First Real-Life 'Transformers' Robot Can Build Itself And Walk

Engineers at Harvard University have created a robot that can transform itself from being a flat object into a four-legged walking machine.

First reported by New Scientist, the robot uses the principles of origami to change its shape with predetermined folding lines creating legs and a body.

While the robot itself is impressive, the way it unfolds is even more so as it negates the need for any moving parts.

Instead the engineers opted for a special memory plastic which can change shape when heated. To provide the heat they fitted the robot with a series of copper wires and then finally attached two tiny motors allowing the robot to move.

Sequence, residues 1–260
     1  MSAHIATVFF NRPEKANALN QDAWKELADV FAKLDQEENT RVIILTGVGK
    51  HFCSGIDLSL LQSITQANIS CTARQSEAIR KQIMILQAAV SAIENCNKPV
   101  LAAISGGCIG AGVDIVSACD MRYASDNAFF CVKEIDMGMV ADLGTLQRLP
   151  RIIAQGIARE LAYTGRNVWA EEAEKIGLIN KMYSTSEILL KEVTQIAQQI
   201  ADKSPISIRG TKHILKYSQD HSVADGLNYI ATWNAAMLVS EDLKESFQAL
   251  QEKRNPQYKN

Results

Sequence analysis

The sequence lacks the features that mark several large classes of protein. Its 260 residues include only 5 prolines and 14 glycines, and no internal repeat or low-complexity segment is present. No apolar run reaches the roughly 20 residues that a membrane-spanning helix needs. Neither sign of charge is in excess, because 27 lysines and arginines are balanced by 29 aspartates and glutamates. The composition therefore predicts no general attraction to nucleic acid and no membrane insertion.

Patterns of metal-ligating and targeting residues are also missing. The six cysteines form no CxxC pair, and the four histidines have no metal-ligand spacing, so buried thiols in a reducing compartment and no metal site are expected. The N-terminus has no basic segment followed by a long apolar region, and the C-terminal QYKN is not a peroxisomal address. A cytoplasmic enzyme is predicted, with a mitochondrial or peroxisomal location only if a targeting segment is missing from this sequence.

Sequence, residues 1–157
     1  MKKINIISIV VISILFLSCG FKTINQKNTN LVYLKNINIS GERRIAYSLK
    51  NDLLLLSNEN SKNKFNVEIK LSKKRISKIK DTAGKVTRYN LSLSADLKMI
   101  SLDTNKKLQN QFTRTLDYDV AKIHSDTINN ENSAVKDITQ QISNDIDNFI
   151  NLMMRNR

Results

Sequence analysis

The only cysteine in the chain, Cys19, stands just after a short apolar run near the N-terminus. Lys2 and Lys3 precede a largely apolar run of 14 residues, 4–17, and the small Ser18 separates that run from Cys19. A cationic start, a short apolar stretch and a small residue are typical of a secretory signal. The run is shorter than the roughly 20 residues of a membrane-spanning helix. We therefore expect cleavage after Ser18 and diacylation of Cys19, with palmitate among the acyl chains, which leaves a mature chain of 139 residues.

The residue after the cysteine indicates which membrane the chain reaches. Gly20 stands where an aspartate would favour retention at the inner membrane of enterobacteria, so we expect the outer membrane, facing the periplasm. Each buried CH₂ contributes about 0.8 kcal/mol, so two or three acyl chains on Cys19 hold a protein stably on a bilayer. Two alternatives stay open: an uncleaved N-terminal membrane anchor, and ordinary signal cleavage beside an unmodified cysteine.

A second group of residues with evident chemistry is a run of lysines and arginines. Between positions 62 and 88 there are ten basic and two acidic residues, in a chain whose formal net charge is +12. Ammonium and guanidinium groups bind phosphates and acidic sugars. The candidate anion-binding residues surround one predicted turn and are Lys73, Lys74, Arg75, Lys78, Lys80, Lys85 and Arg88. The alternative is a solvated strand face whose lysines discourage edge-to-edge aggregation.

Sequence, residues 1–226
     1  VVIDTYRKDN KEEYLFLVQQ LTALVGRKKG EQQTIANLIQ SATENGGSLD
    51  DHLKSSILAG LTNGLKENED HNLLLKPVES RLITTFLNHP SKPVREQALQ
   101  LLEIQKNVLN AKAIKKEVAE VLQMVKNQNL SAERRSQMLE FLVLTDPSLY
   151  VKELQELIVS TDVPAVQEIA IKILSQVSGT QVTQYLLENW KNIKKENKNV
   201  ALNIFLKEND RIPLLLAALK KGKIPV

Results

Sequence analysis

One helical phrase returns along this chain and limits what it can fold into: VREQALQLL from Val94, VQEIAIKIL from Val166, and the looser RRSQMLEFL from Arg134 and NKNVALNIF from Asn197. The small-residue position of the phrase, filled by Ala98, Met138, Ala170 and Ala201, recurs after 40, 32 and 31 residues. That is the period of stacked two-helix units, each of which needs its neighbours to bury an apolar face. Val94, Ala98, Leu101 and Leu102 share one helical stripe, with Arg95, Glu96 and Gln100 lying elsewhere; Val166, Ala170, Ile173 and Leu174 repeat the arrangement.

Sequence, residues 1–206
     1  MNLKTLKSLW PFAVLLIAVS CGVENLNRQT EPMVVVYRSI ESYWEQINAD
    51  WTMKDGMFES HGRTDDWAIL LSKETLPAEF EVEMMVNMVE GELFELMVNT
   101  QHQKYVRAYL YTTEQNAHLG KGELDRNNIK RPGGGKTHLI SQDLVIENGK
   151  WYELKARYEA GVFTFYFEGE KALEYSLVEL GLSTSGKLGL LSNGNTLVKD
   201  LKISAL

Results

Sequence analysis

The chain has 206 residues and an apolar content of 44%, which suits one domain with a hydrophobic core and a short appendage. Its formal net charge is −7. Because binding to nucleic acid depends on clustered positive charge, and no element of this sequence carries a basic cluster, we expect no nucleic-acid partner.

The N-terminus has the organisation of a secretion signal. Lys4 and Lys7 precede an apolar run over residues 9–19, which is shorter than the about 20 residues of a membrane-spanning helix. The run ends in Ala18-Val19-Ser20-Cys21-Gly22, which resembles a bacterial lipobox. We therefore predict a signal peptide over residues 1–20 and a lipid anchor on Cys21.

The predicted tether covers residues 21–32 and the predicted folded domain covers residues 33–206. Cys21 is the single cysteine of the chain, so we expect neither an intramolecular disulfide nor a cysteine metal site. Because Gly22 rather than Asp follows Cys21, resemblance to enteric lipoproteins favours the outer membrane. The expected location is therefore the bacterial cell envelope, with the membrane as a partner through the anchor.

Transforming robots can become particularly useful in search and rescue situations allowing the robot to enter terrain that a machine with just one form might not be able to reach.

It's very early days and at present the robot can only stand and walk in a straight line however the engineers say that with the right programming it'll be able to move around at will.

One of their future hopes is to create a system which is entirely automated, allowing the robot to be fabricated at the source of the problem and then launching itself.